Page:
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In Cocoa, when we want to redraw a view, we would send the view a setNeedsDisplay: message telling the view to redraw itself with a parameter of YES. I was wondering if there are any circumstances where you would want to send a view setNeedsDisplay:NO, such as multithreading environments, and if sending a view a setNeedsDisplay:YES, then setting it again immediately after with setNeedsDisplay:NO would make the view redraw itself. If there are no reasons to call setNeedsDisplay:NO, then why create such a tedious method, where they could instead implement something like [view redrawView]

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2 Answers 2

setNeedsDisplay:NO may be used in case you want to discard previously called setNeedsDisplay:YES. E.g. sometimes it is easier to mark all subviews as needing display and then run an algorithm to unmark some of them.

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As you perhaps know, the display update is automatic (if necessary) at each pass through the normal event loop. You call setNeedsDisplay: in order to force a display update in between if it is necessary.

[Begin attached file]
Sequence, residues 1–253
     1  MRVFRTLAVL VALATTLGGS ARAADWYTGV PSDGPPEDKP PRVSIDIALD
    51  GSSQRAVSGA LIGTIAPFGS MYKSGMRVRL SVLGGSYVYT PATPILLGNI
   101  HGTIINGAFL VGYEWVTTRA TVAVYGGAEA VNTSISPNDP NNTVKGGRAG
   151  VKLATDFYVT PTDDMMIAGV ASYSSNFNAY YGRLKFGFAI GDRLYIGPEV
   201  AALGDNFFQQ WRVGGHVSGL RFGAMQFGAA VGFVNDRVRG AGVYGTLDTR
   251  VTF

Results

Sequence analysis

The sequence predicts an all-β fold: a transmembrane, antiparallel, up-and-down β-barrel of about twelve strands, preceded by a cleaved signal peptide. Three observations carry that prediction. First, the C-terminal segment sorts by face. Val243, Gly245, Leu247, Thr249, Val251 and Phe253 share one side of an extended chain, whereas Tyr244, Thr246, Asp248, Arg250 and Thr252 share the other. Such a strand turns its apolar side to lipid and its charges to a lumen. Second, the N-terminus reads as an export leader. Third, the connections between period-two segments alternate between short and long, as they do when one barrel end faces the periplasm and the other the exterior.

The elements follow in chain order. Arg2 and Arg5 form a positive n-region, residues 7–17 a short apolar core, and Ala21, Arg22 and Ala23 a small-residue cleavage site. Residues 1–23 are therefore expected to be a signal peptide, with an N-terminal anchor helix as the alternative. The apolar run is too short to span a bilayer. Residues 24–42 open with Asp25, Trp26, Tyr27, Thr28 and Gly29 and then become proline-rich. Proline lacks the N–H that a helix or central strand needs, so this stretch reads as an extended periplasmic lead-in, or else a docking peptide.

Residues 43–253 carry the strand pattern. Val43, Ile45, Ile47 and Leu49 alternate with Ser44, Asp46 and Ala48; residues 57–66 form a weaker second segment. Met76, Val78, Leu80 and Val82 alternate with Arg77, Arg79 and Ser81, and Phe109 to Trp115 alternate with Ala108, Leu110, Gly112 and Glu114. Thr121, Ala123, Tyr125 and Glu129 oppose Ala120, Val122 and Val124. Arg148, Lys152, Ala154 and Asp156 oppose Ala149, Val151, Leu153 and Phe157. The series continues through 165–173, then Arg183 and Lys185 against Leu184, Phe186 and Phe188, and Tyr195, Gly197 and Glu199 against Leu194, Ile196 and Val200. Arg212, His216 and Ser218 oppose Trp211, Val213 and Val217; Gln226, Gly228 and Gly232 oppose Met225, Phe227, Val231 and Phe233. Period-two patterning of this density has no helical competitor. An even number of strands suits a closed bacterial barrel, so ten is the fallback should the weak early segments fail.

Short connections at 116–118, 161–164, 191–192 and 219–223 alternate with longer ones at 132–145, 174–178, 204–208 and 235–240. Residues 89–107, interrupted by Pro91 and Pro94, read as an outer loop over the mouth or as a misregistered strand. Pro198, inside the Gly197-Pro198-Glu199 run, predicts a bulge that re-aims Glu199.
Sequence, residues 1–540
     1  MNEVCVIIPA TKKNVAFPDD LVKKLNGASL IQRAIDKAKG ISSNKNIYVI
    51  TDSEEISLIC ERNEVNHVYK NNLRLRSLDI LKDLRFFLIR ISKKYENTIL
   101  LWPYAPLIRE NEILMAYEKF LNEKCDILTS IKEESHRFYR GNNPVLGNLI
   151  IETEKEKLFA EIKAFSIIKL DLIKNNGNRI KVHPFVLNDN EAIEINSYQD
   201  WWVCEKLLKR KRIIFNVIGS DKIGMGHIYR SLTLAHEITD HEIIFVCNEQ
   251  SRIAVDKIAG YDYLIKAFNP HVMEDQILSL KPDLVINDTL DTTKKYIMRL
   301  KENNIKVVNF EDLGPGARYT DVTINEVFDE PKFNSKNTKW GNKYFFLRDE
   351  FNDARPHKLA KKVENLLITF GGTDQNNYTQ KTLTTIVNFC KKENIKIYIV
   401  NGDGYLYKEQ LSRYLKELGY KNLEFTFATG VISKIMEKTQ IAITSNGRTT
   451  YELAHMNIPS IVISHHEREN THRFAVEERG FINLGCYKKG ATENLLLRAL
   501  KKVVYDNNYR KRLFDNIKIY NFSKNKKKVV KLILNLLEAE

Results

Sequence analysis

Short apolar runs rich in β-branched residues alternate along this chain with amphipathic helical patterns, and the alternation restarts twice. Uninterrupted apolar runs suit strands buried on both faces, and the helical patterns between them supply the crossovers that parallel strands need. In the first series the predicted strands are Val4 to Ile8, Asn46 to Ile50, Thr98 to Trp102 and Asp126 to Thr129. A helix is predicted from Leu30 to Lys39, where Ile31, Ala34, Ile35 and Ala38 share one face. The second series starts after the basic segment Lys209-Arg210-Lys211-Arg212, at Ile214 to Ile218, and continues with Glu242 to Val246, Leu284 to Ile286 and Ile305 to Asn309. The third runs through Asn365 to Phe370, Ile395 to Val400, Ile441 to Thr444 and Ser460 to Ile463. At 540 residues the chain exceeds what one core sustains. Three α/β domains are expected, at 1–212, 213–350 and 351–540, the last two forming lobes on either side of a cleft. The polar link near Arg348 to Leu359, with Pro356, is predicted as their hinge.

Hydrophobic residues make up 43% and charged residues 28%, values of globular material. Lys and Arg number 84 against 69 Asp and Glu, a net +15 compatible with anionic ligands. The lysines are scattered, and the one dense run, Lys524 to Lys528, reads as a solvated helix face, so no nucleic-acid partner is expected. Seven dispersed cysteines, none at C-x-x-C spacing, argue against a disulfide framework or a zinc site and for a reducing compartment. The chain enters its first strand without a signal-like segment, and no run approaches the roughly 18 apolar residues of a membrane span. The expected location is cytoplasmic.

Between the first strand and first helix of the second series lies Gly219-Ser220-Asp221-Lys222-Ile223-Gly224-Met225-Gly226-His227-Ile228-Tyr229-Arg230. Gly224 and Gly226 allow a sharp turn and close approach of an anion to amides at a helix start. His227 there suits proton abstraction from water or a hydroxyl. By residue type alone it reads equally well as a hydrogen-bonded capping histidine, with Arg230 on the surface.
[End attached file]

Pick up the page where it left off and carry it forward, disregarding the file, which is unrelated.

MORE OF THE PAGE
From the documentation of NSView:

Whenever the data or state used for drawing a view object changes, the view should be sent a setNeedsDisplay: message. NSView objects marked as needing display are automatically redisplayed on each pass through the application’s event loop. (View objects that need to redisplay before the event loop comes around can of course immediately be sent the appropriate display... method.)

The boolean parameter to this function simply specifies if the entire bounds of the view in question is affected or not, not if some property "needsDisplay" is set to true or false. Thus, setNeedsDisplay: does indeed work pretty much like a "redrawView", only with the additional parameter.


The above was inspired from the same documentation:

If YES, marks the receiver’s entire bounds as needing display; if NO, marks it as not needing display.

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This is largely incorrect. The event loop checks whether a view needs to be redrawn, as determined by setNeedsDisplay: having been called (it does indeed set a flag: -[NSView needsDisplay]). That method absolutely does not cause an immediate redraw, nor is every view necessarily redrawn on every pass. The forced drawing behavior you mention is provided by -[NSView display] and -[NSView displayRect:]. See… –  Josh Caswell Sep 25 '12 at 16:47
Fair enough. I edited my answer and explained where the info comes from. –  Mundi Sep 25 '12 at 20:01
@Mundi Unfortunately this doesn't exactly answer my question. I'm asking if there are any usage for setNeedsDisplay:NO. –  TheAmateurProgrammer Sep 25 '12 at 23:53

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